All nations have a prehistoric time-a dark period of mist and gloom, before the keen light of history dawns upon them. This period is the favorite playground of the myth-spirits where they may conduct themselves freely, or lounge heavily and listlessly, according to their different natures. The Egyptian spirits were of the heavier and duller kind-not light and frolicsome, like the Greek and the Indo-Iranian. It has been said that Egypt never produced more than one myth: the Osiris legend. There is no other case in which a story is told at any considerable length, or with any considerable number of exciting incidents. There are, however, many short legends in the Egypt that still remains, which have more or less of interesting events, and show that the Egyptian people was not altogether devoid of imagination even though their imagination was far from lively. One example of a myth without any considerable number of exciting incidents features Seb. Seb once upon a time took the form of a goose, laid a mundane egg, and hatched it.
Though there are many myths that run this vein, it is yet unwise to dub the Egyptians as lacking in imagination. For example, Thoth once wrote a wonderful book, full of wisdom and science, which told of everything from concerning the fowls of the air, to the fishes of the sea, to the four-footed beasts of the earth. It was widely told that he who knew a single page of the book could charm the heaven, the earth, the great abyss, the mountains, and the seas. Thoth took this magical work and enclosed it in a box of gold, and the box of gold he placed within a box of silver. This box of silver was then placed within a box of ivory and ebony, and then again within a box of bronze. Then the bronze box he enclosed within a box of brass, and the brass box within a box of iron; and the box, thus guarded by so many layers, Thoth threw into the Nile. Despite Thoth’s efforts to keep the box out of reach, a priest discovered the whereabouts of the book, and sold the knowledge to a young noble for a hundred pieces of silver. The young noble with great trouble then fished the book up. But the possession of the book brought him nothing but bad luck and evil. The young noble lost his wife; he lost his child; he became entangled in a disgraceful intrigue. He was glad to part with the book. But the next possessor was no more fortunate; the book brought him no luck as well.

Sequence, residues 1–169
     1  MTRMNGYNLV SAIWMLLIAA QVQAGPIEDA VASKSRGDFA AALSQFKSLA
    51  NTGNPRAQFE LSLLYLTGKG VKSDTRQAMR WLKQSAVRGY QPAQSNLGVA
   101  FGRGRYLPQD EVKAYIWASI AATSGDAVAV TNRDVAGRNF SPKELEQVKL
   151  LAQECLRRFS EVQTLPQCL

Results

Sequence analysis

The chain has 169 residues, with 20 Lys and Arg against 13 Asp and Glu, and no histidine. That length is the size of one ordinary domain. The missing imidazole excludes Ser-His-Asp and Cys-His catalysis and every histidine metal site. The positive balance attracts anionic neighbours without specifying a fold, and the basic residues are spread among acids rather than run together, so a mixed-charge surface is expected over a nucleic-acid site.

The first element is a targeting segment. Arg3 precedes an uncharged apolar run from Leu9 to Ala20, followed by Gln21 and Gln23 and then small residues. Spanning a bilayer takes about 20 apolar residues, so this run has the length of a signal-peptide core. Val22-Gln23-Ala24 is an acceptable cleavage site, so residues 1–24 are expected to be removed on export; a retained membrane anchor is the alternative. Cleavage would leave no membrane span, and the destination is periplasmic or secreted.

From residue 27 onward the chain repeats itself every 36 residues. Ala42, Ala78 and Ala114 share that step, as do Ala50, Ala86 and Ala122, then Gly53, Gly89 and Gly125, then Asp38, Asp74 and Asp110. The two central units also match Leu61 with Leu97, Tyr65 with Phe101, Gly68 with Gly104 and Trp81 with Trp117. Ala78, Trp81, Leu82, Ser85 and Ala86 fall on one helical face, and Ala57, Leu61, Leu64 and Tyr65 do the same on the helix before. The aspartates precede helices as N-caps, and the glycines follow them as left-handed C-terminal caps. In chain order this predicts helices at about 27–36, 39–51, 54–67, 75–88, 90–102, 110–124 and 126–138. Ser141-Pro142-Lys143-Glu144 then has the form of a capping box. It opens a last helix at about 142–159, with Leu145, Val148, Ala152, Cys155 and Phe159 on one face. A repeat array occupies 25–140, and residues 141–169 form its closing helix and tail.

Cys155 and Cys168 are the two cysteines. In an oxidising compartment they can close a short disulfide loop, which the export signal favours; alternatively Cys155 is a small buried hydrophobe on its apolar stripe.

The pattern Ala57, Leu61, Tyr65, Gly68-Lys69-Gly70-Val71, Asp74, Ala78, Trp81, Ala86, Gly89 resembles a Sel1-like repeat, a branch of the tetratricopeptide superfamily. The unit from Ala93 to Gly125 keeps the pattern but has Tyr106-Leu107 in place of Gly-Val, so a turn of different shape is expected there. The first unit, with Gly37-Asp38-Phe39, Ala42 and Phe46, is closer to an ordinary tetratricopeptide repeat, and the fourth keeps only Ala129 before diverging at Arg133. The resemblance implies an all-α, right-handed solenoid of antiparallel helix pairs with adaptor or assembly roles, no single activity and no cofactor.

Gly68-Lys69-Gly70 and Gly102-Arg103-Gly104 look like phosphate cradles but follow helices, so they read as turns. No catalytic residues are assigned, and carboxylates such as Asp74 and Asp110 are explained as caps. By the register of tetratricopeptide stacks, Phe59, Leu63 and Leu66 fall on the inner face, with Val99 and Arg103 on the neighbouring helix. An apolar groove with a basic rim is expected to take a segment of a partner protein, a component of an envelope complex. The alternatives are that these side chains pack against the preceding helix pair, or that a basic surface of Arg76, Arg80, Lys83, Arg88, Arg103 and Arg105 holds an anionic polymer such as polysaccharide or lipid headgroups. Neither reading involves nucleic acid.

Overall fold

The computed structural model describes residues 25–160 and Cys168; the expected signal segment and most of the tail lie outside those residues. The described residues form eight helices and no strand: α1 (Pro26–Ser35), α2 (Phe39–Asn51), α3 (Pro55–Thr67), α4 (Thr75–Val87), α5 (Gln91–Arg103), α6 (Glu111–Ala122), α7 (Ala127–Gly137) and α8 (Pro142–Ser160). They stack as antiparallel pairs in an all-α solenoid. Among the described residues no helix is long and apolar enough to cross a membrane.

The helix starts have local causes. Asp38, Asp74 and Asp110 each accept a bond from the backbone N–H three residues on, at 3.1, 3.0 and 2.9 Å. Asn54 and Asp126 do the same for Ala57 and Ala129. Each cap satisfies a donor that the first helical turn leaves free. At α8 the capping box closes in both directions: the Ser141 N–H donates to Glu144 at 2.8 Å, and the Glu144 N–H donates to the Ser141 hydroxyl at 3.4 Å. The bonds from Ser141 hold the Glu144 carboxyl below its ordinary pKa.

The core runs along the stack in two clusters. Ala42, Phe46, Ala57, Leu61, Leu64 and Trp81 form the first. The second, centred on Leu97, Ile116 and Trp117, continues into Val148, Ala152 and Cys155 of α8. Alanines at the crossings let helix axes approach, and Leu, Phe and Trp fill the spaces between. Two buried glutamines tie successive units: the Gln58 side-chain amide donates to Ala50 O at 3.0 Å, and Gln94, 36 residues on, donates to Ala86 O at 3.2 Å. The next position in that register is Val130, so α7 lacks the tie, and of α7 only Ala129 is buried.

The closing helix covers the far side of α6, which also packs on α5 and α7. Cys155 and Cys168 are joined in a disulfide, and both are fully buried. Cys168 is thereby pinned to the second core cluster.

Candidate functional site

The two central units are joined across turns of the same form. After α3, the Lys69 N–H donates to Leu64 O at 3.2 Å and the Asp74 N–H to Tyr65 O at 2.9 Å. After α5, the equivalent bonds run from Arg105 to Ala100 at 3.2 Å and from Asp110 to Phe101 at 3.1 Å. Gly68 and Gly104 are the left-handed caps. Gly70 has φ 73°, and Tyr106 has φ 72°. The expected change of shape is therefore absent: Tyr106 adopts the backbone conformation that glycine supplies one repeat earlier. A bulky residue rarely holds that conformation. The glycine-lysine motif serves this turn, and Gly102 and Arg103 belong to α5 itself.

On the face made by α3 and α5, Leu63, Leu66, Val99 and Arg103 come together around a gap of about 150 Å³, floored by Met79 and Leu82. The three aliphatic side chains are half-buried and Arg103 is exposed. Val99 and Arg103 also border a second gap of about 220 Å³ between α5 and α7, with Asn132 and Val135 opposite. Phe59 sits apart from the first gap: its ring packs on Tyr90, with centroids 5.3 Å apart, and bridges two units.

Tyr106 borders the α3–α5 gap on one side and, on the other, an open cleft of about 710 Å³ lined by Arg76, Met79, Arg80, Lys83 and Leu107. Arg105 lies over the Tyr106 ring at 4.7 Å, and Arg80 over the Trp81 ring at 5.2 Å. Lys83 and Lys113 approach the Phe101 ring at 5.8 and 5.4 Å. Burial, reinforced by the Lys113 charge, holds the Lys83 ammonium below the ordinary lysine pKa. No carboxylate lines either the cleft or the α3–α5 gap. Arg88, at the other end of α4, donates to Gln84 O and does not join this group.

It would require another Euhemerus to find any groundwork of history in these narratives. We must turn away from the “”shadow-land”” which the Egyptians called the time of the gods on earth, if we would find trace of the real doings of men in the Nile valley, and put before our readers actual human beings in the place of airy phantoms.
Adapted from Ebook of Ancient Egypt by George Rawlinson, 2005
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